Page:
Running makes me feel home. Just the motion of running feels natural, like something I was meant to do. I recall three moments that deepened my running experience.
I fell in love with running at 16. Evening runs kept me sane in the midst of preparation for O Levels. On one run, magic happened. I floated in the air when one foot pushed off the ground, descending slowly till the other foot hit the ground and propelled me into the air again. Time seemed to have stopped. By the end of the run, I knew: I am a runner.
I went on to join track and field in junior college and specialized in 800m. Weeks before the peak race, I got restless and anxious about my final track season. In training, I have run endless repeats of 200m, 400m and 600m and even of distances in between and 1km time trials, but not yet the sacred race distance. How would practice translate into the race? Would I be able to contribute to the team? Two weeks before the heats, the coach called for an 800m time trial, and I smashed my personal best by 4 seconds. Then I knew: my training had come together, and I was ready for my last interschool meet. I bettered my time by a second in the finals and more importantly clinched points for the team by placing among the top eight.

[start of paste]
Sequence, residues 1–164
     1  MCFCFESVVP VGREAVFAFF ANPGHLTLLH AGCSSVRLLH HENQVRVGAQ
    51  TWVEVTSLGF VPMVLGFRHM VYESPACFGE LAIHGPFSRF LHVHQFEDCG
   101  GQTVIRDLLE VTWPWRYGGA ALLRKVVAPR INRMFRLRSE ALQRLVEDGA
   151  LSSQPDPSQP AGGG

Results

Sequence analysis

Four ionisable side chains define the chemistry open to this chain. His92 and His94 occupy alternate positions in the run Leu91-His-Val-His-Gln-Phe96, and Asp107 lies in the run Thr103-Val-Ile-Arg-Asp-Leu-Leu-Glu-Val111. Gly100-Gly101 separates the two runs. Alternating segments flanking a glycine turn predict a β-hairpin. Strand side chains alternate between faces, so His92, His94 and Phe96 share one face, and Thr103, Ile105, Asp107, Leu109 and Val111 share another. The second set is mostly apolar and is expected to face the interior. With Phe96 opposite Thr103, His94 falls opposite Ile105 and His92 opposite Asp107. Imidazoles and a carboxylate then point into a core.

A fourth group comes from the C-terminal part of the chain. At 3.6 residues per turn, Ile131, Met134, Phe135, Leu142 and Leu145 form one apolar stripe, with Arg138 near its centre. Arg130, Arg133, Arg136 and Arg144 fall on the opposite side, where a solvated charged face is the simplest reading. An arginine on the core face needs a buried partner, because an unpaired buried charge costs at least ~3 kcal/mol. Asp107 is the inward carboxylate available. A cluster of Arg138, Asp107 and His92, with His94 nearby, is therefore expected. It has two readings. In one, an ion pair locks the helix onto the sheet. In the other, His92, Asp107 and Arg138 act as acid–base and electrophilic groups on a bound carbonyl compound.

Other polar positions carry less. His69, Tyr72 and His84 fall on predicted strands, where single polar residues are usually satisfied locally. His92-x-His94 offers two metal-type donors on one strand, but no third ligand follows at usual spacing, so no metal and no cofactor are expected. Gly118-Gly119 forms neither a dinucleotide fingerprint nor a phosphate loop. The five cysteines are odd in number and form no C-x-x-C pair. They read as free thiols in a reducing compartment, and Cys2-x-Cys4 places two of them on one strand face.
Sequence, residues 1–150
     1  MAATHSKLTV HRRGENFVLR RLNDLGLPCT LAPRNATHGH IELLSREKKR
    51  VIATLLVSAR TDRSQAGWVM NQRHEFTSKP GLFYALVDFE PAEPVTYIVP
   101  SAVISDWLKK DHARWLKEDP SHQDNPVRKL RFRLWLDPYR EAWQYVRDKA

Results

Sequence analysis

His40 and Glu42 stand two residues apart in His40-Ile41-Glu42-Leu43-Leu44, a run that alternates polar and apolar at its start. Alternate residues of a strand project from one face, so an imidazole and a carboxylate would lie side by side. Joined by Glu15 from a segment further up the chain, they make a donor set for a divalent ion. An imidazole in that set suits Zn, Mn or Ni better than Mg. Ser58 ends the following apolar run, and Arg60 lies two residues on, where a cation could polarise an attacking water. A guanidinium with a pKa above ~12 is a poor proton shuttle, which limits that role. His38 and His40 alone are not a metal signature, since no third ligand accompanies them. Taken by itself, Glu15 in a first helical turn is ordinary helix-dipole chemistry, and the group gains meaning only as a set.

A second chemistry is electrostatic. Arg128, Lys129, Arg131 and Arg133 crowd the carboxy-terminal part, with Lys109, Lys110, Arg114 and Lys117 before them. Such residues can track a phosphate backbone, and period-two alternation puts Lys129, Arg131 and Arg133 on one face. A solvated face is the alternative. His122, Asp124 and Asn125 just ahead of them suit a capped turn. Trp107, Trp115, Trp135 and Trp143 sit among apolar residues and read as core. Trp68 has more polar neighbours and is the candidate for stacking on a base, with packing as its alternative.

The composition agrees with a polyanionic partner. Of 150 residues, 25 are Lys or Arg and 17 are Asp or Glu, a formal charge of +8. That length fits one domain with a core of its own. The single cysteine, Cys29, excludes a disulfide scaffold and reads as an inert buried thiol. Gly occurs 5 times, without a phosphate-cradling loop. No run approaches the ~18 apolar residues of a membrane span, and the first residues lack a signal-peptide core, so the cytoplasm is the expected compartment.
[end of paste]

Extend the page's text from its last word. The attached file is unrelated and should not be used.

After that swansong track race, I turned to road racing, mainly 10ks and half marathons. A knee injury sustained on a bike started a streak of injuries, which resulted in a painful, long hiatus from running. Last year, with the help of a heaven-sent physiotherapist, I started to run consistently. The day I ran 10 sets of 3 minutes—that’s when I knew that I was back. Eleven weeks later, I raced my first 10km in seven years, in a time exactly 2 minutes slower than my personal best. Nothing spectacular, yet I felt triumphant and hopeful.
Then I knew.
Contrary to my fears during the running hiatus that I would forget how to run and my potential was slipping away, I still have it within me. And beyond the finish line of personal bests, the journey of running is what I enjoy more. So even at a distance away from the best I can be, I am home.